Mr Offord gave evidence that on the occasions he saw the Testatrix he had no doubt that she knew her own mind and that the 2008 Will represented her wishes. Mr Offord gave evidence that he wasn't entirely convinced that the Testatrix would understand percentages and so he explained the estate by analogy to a cake or a pie, asking the Testatrix how much she wanted each child to receive. He said that, although she was physically unwell and was unable to read or write, she had full capacity to make her will, that she fully understood she was making a will and that she was aware of her estate and approved the division of the estate contained in her will. She duly instructed Mr Offord to execute the will on her behalf after he had explained the provisions to her several times.
The court found that the Testatrix did know and approve of the contents of the 2008 Will which were read out and explained to her by Mr Offord. Although she did not read the will herself and it was signed on her behalf by Mr Offord, her ability or inability to read or write was not significant. The court accepted that Mr Offord had explained the 2008 Will in a language that the Testatrix could understand and accepted that he had done enough to satisfy himself that she understood the contents of the 2008 Will.
The court also found, on the facts, that the Testatrix did not entertain any false beliefs when giving her reasoning for the reduced shares for Roynel and Lova. In relation to Roynel in particular the court found that the Testatrix's disposition of her estate was not affected by any false beliefs about Roynel and the beliefs which she held were entirely understandable; indeed they were beliefs which a rational person could easily have formed.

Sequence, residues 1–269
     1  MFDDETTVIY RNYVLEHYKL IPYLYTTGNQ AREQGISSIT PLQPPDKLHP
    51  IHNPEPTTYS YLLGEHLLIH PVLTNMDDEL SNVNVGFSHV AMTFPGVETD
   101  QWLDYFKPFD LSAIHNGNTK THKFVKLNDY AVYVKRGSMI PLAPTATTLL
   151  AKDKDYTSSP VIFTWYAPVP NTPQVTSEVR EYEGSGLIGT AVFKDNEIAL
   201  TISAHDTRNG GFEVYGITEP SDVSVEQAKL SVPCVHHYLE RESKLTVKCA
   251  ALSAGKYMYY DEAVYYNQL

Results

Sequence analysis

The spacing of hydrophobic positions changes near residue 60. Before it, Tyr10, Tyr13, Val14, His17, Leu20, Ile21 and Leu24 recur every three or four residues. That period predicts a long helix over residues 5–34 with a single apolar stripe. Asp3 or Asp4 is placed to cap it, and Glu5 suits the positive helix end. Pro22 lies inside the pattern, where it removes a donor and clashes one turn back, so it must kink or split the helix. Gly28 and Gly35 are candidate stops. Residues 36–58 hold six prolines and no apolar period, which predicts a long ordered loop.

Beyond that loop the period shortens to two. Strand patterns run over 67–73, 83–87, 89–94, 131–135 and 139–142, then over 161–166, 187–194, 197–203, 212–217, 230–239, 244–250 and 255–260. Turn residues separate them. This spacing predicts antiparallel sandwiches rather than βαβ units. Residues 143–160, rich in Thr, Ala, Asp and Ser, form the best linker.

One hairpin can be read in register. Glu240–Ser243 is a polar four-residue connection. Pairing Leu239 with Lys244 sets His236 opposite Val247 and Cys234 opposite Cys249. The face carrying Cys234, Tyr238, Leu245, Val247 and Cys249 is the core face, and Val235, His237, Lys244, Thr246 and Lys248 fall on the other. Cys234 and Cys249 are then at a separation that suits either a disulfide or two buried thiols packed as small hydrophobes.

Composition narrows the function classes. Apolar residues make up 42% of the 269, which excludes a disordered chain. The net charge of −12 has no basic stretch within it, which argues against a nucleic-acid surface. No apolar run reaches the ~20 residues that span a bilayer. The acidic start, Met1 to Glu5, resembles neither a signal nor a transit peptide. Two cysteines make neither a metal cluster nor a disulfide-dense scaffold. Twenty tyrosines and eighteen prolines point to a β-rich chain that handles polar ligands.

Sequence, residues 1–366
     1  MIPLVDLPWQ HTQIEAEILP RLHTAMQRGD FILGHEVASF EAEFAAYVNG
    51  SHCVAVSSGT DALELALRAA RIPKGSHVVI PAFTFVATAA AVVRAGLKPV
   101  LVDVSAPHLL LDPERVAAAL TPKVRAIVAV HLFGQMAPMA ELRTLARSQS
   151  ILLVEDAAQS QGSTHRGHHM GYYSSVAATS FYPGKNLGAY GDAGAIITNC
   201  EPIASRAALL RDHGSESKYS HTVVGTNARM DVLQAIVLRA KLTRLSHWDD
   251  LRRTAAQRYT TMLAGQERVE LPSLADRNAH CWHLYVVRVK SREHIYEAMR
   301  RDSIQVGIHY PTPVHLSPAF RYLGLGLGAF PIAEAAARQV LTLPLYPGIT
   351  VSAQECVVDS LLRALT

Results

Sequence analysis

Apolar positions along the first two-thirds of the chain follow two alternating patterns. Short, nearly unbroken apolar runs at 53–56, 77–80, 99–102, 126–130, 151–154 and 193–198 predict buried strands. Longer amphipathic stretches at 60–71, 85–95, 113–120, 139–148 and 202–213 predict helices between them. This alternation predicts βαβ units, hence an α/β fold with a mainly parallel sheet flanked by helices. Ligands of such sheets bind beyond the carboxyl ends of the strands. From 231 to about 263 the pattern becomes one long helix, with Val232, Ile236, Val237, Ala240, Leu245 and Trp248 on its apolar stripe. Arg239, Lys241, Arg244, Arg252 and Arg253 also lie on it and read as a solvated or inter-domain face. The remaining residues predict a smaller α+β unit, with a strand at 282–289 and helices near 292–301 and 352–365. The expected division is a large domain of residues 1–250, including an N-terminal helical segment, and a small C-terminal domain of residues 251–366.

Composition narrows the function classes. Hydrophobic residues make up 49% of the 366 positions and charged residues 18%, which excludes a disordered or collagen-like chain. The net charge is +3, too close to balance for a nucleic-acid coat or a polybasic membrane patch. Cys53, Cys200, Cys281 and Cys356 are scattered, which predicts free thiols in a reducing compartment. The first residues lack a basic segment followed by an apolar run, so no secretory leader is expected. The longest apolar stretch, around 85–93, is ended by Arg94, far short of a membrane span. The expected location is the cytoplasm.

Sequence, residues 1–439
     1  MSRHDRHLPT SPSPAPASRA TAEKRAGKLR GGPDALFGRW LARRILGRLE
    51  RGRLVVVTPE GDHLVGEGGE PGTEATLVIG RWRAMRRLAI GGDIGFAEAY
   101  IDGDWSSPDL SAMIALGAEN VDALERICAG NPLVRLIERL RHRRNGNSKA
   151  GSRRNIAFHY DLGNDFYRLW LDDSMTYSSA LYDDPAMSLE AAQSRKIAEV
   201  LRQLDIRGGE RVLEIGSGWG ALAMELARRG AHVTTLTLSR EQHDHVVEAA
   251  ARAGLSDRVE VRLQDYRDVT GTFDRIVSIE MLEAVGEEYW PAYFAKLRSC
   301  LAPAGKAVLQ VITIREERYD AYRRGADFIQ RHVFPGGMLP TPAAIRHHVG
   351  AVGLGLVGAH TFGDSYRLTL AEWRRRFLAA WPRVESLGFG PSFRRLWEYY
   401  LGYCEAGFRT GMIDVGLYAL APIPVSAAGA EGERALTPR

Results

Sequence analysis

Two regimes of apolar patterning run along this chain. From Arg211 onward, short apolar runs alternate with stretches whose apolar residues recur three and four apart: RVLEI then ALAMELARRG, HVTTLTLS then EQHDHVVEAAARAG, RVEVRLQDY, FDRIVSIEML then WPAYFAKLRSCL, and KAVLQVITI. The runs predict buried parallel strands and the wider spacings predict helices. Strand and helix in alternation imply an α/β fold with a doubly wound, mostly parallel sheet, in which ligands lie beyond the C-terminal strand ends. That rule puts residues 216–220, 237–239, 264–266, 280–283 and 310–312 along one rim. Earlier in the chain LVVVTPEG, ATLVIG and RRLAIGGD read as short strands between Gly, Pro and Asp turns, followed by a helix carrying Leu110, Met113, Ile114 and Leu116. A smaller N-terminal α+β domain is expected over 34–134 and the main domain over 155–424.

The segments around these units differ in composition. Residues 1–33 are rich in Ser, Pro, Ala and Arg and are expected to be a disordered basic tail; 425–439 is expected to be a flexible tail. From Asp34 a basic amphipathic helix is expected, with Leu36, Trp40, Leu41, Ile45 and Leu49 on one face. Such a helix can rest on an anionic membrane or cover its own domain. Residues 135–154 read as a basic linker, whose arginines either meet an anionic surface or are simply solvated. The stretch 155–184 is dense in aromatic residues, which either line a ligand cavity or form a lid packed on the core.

Unsurprisingly then, the court found the Testatrix to have had testamentary capacity both when she gave instructions for the 2008 Will and when it was executed and found that she knew and understood its contents when she authorised Mr Offord to execute the 2008 Will on her behalf.
This judgment in this case continues the trend that the court may be reluctant to set aside a will for lack of capacity or want of knowledge and approval where the will has been prepared by an experienced solicitor. In giving judgment, the judge reiterated that the court must be cautious of over-reliance on the evidence of a medical expert witness who did not have the advantage of examining the testator. Where lack of testamentary capacity is alleged, failure to arrange for a medical practitioner to assess capacity may be contrary to the 'Golden Rule' but does not demonstrate in itself that a will is invalid. For knowledge and approval, what matters is whether the testator has the ability to understand and approve the actual choices made, not just the potential dispositions. The evidence of the solicitor who prepared the will is often key in claims of this sort.